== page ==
These bikes are made for hitting big ramps and performing tricks both in the air and on the ground

    Riders use front suspension forks with 100-150mm of travel to provide relief from the impact of big jumps, whilst not being too heavy.

    I’ve covered more about jump bikes here, if you’re interested have a read!

    Jump bike hardtail

    Components of a Hardtail Mountain Bike

    27.5" VS 29" Mountain Bike Wheels Comparison

    If you’ve been struggling with what size wheels you’ll need for your hardtail mountain bike, check the table below for some helpful guidance. 

    It’s also important to consider the specific disciplines you wish to pursue as wheel size will alter the capabilities of your bike.

    27.5" Wheels 29" Wheels (29ers)
    Traction Good Increased
    Acceleration Faster Slower
    Top Speed Slower Faster
    Weight Lighter Heavier
    Suitable for Less difficult trails Trails with large obstacles
    Other comments More suited to shorter cyclists More suited to taller cyclists

    The Environmental Impact of Using a Hardtail Bike

    What is a hardtail mountain bike?

    As with every sort of pedal-powered bicycle, hardtail bikes are a far greener option than driving a fossil fuel-powered vehicle.

    The more people that choose to ride a bike over driving, the less we rely on fossil fuels and the less smog and pollution we produce. Providing a greener planet to the future generations.

    If possible when riding try to stick to the trails and paths you’re riding rather than cutting corners or attempting to create your own paths. This will encourage nature to do its thing and will help local wildlife to thrive.

    Do Hardtail Mountain Bikes Require Anything to Keep Functioning?

    Without using complex parts, less time and money needs to be allocated to repairing or purchasing replacement parts for your hardtail bike.

    Regular maintenance such as ensuring the tyres are inflated to the desired psi, oiling the chain and testing the brakes is essential and will make sure your hardtail continues to perform as it should.

    If you ever suspect something is wrong with your bike, it’s best to get it checked out by a professional. Your local bike shop will happily help you.

    Does a Hardtail Bike Require a Special Area to be Ridden?

    Overall, the durable framework of hardtail bikes allows them to venture across most terrains, but as mentioned earlier, smoother trails are the optimum terrain for hardtails.

    Some hardtails feature a front fork that has a lockout. This means that the travel of the front fork can be halted, transforming your hardtail into a rigid bike, similar to a hybrid.

    This lockout feature is helpful when riding on flat surfaces, or especially when climbing hills on your hardtail as it prevents the suspension from sapping your energy. Another great feature for commuters who want to ride their hardtail to work on public roads.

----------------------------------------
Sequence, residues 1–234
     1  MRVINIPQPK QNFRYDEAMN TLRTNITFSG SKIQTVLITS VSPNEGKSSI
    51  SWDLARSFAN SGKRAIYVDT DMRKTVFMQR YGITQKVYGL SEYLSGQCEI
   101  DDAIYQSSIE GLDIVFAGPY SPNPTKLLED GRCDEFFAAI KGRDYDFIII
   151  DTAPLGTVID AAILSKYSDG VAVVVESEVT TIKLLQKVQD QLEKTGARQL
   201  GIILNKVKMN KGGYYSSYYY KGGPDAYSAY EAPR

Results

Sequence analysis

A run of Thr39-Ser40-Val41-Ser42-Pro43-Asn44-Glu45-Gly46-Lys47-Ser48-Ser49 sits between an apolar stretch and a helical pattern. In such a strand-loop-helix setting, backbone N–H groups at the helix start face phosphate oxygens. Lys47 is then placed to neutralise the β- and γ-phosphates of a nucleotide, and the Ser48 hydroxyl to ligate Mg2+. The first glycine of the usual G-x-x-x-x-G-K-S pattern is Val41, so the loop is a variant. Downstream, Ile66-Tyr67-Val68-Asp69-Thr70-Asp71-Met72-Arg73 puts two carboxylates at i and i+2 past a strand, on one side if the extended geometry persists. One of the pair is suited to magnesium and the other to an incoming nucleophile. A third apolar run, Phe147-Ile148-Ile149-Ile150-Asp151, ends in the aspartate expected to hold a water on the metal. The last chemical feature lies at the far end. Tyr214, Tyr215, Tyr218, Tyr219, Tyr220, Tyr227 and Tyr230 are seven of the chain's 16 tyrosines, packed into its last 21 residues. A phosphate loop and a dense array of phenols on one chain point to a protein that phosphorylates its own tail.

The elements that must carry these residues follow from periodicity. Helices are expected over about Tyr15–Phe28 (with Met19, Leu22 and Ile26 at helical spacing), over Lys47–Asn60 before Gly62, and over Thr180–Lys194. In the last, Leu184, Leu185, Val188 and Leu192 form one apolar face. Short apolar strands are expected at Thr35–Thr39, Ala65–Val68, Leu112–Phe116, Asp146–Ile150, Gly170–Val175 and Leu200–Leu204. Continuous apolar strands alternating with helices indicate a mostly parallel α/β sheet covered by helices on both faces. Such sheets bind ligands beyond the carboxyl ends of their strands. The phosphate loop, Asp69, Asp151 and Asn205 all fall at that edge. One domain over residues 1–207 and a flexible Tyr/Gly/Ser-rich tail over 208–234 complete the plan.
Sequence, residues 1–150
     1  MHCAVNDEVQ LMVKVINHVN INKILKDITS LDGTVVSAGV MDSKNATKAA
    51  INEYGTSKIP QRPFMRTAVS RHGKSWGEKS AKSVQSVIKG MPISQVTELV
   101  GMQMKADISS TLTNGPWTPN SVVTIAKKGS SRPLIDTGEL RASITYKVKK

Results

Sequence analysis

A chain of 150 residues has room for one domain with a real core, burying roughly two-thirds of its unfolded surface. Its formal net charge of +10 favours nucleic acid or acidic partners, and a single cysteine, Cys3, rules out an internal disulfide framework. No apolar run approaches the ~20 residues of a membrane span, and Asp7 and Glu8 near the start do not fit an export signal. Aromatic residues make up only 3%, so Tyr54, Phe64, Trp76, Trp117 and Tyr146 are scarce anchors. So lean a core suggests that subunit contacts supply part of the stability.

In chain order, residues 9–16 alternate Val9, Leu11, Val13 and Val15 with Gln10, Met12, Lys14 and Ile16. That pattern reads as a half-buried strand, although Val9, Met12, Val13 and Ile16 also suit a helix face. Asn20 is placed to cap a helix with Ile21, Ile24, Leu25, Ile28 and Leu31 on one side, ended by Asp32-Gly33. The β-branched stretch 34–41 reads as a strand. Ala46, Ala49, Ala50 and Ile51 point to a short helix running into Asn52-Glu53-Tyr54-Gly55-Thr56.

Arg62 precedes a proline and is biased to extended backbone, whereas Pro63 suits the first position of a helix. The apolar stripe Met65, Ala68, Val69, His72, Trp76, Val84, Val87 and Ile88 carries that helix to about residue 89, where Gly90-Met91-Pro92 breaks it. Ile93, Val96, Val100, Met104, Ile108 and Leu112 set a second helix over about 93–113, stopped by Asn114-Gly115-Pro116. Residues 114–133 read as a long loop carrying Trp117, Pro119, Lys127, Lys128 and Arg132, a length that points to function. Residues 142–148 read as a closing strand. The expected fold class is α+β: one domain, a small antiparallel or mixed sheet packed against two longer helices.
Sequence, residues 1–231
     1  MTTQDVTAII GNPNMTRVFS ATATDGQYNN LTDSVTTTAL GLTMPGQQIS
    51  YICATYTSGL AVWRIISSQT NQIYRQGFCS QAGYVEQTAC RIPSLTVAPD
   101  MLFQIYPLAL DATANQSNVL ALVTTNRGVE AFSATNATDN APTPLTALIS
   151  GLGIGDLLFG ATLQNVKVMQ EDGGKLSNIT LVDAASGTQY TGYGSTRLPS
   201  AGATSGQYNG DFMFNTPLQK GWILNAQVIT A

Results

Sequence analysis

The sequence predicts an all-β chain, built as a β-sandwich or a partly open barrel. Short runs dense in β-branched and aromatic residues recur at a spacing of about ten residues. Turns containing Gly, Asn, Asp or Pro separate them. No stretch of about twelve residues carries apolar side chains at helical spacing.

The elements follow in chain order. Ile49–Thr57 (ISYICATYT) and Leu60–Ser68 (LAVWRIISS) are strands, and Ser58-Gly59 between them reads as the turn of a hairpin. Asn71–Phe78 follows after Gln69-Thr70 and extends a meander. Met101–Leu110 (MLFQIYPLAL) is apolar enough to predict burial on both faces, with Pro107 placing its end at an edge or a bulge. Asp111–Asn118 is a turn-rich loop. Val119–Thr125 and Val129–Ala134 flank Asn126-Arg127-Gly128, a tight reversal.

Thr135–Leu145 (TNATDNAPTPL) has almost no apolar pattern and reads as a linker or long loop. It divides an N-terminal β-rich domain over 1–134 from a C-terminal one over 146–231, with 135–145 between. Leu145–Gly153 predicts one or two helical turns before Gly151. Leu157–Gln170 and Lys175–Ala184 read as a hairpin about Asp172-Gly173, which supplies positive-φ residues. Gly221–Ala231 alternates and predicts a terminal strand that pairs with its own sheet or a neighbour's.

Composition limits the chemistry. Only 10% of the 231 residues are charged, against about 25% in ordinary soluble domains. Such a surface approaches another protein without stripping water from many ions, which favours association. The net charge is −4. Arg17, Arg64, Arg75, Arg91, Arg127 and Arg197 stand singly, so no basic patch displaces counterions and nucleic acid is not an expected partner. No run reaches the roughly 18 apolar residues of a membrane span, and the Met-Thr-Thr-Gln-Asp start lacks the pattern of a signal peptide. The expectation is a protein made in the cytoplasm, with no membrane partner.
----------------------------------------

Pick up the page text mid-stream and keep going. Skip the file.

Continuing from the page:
What to Wear When Riding a Hardtail Bike

    If you are planning on taking your hardtail bike on an adventurous mountain biking ride, then protective gear and durable clothing is always a must, even for advanced riders.

    Hardtail mountain bikers should always make sure to wear a helmet, with some opting for a full-face helmet.

    Other accessories you can take advantage of when riding your hardtail MTB are protective sunglasses or goggles, knee pads for added safety, mountain bike shorts and jerseys, cycling gloves, and a variety of waterproof jacket and trouser options.

    Hardtail mountain bike race

    What Accessories are Recommended When Using a Hardtail Bike?

    To stay safe on paths and terrains that are dark, lights and headlamps are often used with hardtail bikes. This is especially the case when exploring natural trails and forests without street lights that have obstacles that need to be visible.

    Furthermore, if you’re embarking on a long ride with your hardtail, it is always a good idea to bring sufficient water and a backpack with essentials for staying hydrated and fueled on your adventure, especially if there is a risk of getting lost.

    To avoid getting lost on longer forest trails, a cycling GPS might come in handy!

    Conclusion - What Is a Hardtail Bike?

    So there you have it! I hope you’ve found this complete guide to hardtail bikes helpful.

    I spent a lot of time putting this content together with the hope of answering all of your hardtail-related questions.

    If however, you still have unanswered questions regarding hardtail bikes, don’t be afraid to leave a comment below and I’ll get back to you!

    When purchasing a new bike of any type it’s important to remember that you need to use a good quality lock to secure it. If you’re on a tighter budget, check out my review of the best cheap bike locks.

    Otherwise, as always, lock it or lose it!

    Ciao for now

    [1] credit – Timothy Vollmer (Flickr) – License: https://creativecommons.org/licenses/by/2.0/legalcode
    [2] https://www.breezerbikes.com/
    [3] credit – Science Mueseum (Wiki) – License: https://creativecommons.org/licenses/by-sa/3.0/legalcode
    [4] http://classiccycleus.com/home/repair/museum-bikes-1980-to-present/

    Recommended Posts

    Leave a Reply

    Your email address will not be published. Required fields are marked *

    Follow BikeLockWiki:
    Affiliate Disclosure

    As an Amazon Associate I earn from qualifying purchases. Read More…

    Brands We've Worked With
    About Me
    Me and My Bike

    Hello! My name’s James, I’m an avid cyclist and the lead editor of BikeLockWiki.

    I’ve invested over four years into researching & studying bicycle security. Now I want to share the information I’ve learnt, for free, with the online cycling community.

    Trending Posts